Of course, all of this comes with all of the caveats of “your mileage may vary.” It’s hard to infer what annotations you’re trying to use. Are you replacing a web.xml servlet mappings with WebServlet annotations? Then it isn’t a framework issue, but does add a requirement that you need to deploy to a Servlet 3 container. Are you replacing Spring bean definitions with Autowire annotations, or even XML configured controllers with Controller annotations? Either way you’re tied to Spring for those. If you use annotations to overcome some polymorphism shortcomings of Java, as my example shows, then you are tied to at least having the annotation classes (or removing them from your code); if you implemented an object mapping like the example and later removed the annotations, you also need to refactor the get and set object building that it replaced.

    These are all decisions of the individual or group creating and maintaining the software. I for one find annotations very powerful, very helpful, and generally prefer them to other coupling and configuration mechanisms available.

  6. Giga says:

    I have a annotation. for example
    public @interface Equals {


    I also have a class

    public class myClass {

    public String myField;
    I have a method in other class

    public void method (myClass param) {
    // here I want to access annotated field’s value (myField’s value)
    // I know that I have to use reflection , I have accessed field’s name (myField)
    // can anyone help me and tell how to access value of that field (param’s field)

    please answer me :

  7. Jeff Warren says:

    The article kind of skips over some of the possibilities of annotation use, but here’s a simple getter method in the same vein as the setter in the article, that would meet your requirements.

    Object getValueByEqualsAnnotation(final myClass /* should really be MyClass */ instance)
    throws IllegalArgumentException,IllegalAccessException {
    final Field[] fields = myClass.getClass().getDeclaredFields();
    for (final Field field : fields) {
    final FieldAnnotation fieldAnnotation = field.getAnnotation(Equals.class);
    if (fieldAnnotation != null) {
    return field.get(myClass);
    return null;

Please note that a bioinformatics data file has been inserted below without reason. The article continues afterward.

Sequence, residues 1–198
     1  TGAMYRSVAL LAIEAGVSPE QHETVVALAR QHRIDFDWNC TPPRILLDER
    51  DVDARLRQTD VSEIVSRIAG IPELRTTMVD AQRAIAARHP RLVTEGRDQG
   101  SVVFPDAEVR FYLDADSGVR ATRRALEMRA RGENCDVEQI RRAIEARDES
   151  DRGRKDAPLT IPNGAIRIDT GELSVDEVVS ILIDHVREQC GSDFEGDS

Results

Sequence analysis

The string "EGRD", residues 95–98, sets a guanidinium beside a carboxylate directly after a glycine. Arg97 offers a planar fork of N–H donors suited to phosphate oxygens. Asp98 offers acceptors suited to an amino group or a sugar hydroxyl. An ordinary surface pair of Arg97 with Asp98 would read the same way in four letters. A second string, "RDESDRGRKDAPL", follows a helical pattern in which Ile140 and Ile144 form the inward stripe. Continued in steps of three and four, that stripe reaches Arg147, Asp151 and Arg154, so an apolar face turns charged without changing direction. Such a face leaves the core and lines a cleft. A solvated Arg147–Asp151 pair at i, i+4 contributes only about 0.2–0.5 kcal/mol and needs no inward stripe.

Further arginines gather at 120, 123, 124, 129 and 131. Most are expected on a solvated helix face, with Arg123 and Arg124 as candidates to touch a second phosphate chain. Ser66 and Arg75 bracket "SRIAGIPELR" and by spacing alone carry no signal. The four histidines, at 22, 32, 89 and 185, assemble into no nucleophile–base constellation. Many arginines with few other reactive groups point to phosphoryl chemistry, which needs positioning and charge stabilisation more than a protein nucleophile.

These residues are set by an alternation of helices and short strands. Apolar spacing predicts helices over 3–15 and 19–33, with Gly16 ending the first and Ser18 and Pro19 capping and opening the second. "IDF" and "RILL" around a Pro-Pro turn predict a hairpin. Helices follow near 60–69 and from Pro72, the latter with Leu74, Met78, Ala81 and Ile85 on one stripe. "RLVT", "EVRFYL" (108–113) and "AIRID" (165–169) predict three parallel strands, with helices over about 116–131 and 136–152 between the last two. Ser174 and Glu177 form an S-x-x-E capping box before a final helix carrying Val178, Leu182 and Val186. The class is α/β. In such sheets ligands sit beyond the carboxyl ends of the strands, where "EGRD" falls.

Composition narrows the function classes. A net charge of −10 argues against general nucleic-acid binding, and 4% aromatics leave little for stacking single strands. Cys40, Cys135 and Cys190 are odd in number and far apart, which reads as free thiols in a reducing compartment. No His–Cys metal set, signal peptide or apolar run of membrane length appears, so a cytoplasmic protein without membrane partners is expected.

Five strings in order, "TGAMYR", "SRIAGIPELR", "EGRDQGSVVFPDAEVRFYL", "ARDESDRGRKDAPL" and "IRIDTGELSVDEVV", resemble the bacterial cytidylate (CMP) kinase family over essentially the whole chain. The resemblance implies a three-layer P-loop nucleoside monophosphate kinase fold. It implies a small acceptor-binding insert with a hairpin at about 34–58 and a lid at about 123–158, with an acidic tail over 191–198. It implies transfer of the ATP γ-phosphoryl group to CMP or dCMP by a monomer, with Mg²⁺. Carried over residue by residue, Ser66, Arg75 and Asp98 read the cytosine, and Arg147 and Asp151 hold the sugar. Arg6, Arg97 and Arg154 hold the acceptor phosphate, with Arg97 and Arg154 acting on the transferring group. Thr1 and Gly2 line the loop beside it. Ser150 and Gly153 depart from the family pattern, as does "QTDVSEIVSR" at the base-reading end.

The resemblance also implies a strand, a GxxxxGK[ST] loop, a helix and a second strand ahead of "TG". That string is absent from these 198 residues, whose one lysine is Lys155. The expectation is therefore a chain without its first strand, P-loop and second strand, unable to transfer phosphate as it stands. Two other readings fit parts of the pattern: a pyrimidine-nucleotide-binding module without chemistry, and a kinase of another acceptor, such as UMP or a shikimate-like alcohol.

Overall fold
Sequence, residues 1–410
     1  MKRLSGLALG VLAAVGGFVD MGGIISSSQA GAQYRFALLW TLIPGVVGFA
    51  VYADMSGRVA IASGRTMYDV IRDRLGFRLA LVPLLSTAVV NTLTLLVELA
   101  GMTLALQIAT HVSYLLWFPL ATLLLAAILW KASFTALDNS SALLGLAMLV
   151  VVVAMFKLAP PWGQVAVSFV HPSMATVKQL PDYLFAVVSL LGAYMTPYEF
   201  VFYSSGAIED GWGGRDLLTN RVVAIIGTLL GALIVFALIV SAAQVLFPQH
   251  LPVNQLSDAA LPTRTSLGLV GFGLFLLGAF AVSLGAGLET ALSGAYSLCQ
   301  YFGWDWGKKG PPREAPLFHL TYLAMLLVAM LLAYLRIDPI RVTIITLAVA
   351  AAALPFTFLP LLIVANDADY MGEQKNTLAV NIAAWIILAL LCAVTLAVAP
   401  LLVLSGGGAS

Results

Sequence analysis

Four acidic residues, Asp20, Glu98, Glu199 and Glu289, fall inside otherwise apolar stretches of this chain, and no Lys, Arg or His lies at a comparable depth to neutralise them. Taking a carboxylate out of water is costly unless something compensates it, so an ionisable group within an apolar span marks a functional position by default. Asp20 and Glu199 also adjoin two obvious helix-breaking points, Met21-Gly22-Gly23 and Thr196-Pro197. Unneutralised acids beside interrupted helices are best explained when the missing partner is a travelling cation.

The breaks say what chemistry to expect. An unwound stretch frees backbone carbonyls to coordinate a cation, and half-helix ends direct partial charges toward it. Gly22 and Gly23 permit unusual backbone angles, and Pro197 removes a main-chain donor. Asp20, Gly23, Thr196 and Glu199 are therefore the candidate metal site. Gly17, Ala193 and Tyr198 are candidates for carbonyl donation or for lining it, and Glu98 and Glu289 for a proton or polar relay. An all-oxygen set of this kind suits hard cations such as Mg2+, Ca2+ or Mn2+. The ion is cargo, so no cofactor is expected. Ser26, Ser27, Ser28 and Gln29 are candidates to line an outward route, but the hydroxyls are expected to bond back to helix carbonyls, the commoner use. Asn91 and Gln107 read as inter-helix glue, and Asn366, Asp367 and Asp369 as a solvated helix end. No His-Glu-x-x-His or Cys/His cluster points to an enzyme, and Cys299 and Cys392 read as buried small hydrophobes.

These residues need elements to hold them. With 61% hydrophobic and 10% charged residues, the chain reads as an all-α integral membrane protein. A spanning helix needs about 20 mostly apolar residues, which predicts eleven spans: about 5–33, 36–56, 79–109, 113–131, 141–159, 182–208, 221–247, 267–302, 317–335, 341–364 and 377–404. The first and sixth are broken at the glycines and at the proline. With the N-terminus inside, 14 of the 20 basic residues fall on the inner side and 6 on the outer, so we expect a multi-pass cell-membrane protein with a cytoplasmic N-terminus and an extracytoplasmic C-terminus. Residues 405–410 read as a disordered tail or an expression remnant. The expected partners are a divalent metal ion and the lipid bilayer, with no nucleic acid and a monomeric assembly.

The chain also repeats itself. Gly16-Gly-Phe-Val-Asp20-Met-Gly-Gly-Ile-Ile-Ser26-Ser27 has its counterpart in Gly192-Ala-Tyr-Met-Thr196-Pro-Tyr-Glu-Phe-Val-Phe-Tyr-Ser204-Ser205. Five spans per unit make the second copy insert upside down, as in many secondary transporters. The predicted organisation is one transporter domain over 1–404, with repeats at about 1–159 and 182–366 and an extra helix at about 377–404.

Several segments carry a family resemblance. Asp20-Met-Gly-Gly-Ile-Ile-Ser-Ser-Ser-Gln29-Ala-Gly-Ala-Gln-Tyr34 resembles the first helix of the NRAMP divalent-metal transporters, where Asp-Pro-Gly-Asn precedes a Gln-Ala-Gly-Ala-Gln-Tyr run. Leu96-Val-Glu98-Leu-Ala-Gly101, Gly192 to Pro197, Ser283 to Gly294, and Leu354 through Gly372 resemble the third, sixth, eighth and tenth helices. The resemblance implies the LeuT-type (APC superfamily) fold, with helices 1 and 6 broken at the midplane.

Again, the reflection will retreive the fields defined in your object. Then read the annotations by each field. Then upon finding one (and in this simple example, only the first one) that matches the expected annotation type, it returns the value of that field. Failure to find any annotated methods returns null.

    You would use this in your method thus:

    public void method(myClass object){
    String equalsValue = (String)getValueByEqualsAnnotation(object);

  8. Chris Marx says:

    What would happen if the same annotation were applied on the interface as well as the implementation? I like the idea of the annotation on the interface, but I also like seeing the rules near the actual code as well-

  9. Jeff Warren says:

    You didn’t specify the use case for your annotations, but the mechanisms outlined here for using annotations to find and call methods abstractly wouldn’t work.

    This simple (sorry for the format loss) test class shows that for an interface with an annotated method that a concrete class doesn’t expose annotations when declared on its interfaces, but a class that also has the annotation on the method does find it.

    public class TestInterface {

    public static void main(String[] args) throws Exception {

    for (java.lang.annotation.Annotation annotation :
    if (annotation.annotationType() == MyAnnotation.class)
    System.out.println(“found our annotation on Concrete”);

    for (java.lang.annotation.Annotation annotation :
    if (annotation.annotationType() == MyAnnotation.class)
    System.out.println(“found our annotation on AnnotatedConcrete”);

    public @interface MyAnnotation {}

    public interface Interface {
    @MyAnnotation void foo();

    public class Concrete implements Interface {
    public void foo() {}

    public class AnnotatedConcrete implements Interface {
    @MyAnnotation public void foo() {}

    I hope this helps (and is accurate)!

  10. Chris Marx says:

    Yeah, that example is very clear, so really, how a case like this gets handled is going to depend on how the annotations get processed. In my case, I’m using annotations from the Spring framework, Hibernate, etc., and some of them are designed to be placed on the interfaces, and spring has a special processor for finding the annotations on the interface –